Saturday of the Thirty-First Week in Ordinary Time

The theme of generosity in today’s readings invites us to reflect spiritually but does not excuse us from examining our attitude towards money.  We know that money isn’t good in and of itself: it can give us a certain power to acquire other material goods, but is itself neither good nor evil.  The Pharisees are accused by Jesus of being “lovers of money.”  On the other hand, Saint Paul thanks the Philippians for giving to him in his need.  The Pharisees are interested in increasing wealth in order to continue to have power and influence.  Saint Paul sees neither wealth nor poverty as evil in and of themselves, but rather the attitude of heart we can have in either of those situations. read more

Monday of the Twenty-Ninth Week in Ordinary Time

What does the Christian journey look like after baptism?  Receiving Grace is the beginning of a lifelong transformation.  It is a transformation that God initiates, but one that we must consent to.  Am I a disciple of Jesus Christ?  What does that mean?  What does that look like?  How do I cooperate with grace?


Death is understood in two ways. The first is the familiar definition—when the soul is separated from the body at the end of life. The second is that, while abiding in that same body, the soul pursues the desires of the flesh and lives in sin. read more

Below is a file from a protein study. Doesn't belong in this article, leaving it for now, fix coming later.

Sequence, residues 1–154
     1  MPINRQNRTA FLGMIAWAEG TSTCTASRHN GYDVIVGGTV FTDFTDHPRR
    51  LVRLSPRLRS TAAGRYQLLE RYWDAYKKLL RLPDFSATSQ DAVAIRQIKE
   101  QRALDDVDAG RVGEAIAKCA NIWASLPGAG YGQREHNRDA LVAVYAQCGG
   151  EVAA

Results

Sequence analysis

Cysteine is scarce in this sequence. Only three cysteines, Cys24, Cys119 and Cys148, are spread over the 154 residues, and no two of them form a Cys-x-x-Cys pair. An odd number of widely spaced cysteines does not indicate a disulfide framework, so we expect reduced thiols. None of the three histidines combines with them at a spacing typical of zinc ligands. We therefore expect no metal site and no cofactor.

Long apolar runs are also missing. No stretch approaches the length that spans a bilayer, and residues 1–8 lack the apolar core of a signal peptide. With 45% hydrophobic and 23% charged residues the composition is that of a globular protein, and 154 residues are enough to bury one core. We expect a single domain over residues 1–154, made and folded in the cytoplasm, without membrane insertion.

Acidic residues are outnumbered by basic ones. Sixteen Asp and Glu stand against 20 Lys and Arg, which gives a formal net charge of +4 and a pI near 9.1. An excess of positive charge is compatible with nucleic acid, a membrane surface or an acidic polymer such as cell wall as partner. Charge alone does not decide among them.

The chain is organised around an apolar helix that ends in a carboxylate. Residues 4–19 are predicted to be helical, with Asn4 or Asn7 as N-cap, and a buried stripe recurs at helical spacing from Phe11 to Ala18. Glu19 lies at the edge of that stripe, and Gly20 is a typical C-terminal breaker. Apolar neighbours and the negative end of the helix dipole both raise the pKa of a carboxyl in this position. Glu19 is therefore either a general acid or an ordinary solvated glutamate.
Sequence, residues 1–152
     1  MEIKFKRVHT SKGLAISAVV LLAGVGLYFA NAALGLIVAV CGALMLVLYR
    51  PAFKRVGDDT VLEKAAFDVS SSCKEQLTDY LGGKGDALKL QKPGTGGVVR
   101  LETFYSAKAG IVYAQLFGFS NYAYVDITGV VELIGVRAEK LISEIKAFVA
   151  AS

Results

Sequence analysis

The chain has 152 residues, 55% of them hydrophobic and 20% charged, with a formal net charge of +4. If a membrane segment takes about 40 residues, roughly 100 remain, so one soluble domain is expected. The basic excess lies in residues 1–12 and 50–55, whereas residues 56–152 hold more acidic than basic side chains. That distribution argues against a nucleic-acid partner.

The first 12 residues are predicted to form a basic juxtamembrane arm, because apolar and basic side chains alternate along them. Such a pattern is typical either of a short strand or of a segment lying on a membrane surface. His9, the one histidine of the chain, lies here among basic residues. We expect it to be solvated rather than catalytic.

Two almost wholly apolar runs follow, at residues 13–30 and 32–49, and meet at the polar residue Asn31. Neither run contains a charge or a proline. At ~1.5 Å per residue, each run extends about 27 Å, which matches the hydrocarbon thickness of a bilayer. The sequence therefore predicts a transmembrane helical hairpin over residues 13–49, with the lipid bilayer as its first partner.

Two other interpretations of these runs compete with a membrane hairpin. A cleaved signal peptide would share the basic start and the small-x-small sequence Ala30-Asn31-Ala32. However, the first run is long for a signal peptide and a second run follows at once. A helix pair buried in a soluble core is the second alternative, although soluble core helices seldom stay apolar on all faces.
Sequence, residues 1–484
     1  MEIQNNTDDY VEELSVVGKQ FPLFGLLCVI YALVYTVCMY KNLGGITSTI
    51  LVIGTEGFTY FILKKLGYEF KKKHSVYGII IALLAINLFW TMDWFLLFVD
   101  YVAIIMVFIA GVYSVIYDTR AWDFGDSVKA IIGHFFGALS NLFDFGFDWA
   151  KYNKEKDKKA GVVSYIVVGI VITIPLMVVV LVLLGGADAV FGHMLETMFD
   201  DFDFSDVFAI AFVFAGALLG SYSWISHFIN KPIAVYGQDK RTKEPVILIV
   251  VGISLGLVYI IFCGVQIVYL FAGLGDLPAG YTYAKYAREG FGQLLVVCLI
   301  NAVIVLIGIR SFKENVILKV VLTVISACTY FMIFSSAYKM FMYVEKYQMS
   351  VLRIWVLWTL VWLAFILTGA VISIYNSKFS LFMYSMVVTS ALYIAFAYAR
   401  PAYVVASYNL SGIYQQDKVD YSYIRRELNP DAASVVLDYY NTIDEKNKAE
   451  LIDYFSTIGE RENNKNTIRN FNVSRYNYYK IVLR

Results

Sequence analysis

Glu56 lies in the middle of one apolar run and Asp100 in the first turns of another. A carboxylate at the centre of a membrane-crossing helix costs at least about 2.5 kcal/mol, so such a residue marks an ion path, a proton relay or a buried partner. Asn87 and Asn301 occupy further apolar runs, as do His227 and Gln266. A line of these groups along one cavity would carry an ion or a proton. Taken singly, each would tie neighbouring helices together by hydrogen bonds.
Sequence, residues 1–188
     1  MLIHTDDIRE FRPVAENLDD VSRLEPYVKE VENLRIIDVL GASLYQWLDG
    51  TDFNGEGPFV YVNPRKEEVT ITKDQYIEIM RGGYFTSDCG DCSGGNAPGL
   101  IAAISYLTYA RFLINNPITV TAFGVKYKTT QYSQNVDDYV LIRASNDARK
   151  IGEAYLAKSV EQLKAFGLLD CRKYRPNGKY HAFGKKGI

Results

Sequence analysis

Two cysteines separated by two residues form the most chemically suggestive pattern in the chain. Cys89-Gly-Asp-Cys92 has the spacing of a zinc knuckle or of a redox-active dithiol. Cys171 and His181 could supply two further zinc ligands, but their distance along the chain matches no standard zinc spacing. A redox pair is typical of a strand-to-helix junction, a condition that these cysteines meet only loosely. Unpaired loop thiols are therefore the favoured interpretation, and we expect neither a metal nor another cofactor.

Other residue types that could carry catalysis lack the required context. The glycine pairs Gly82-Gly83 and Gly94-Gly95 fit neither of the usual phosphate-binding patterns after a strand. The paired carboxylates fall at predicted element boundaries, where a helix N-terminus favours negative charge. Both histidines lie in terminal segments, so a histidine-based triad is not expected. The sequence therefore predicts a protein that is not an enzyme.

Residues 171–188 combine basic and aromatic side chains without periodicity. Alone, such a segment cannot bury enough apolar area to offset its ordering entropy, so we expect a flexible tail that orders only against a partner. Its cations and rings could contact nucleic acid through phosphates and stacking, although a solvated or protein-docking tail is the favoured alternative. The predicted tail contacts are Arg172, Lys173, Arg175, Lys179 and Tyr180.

Our Lady of the Rosary

Our Lady of the Rosary is the title finally given to Our Lady of Victories.  The complete and decisive victory over the Ottoman Empire was attributed to the intercession of Mary and especially through the prayers of the Rosary.  The Rosary is a prayer that has been used by Christians since the time of St. Dominic who – legend has it – received the Rosary from Mary herself.

The appeal of the prayer of the Rosary could be attributed to many things:  miracles associated with the recitation of the Rosary, the scriptural and Christocentric nature of the Hail Mary and Our Father prayers, the repetition that calls to mind the recitation of the 150 Psalms.  This prayer is used to meditate on the mysteries of Christ’s life, His Passion, death, and Resurrection.  It can also be used in a more contemplative way by allowing the mind and heart to cling to the mysteries of our faith with love and the help of the Blessed Virgin. read more